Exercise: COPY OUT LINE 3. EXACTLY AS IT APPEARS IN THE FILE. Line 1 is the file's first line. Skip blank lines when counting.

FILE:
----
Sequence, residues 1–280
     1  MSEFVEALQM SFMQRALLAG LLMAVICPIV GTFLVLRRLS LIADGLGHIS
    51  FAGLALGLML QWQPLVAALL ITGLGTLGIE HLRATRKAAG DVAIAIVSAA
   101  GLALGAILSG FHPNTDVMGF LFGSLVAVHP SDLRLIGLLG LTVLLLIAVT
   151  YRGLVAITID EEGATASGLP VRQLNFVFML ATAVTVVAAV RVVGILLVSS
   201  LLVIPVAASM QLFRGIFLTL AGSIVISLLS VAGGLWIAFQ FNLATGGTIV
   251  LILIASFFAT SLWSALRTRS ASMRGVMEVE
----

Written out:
    51  FAGLALGLML QWQPLVAALL ITGLGTLGIE HLRATRKAAG DVAIAIVSAA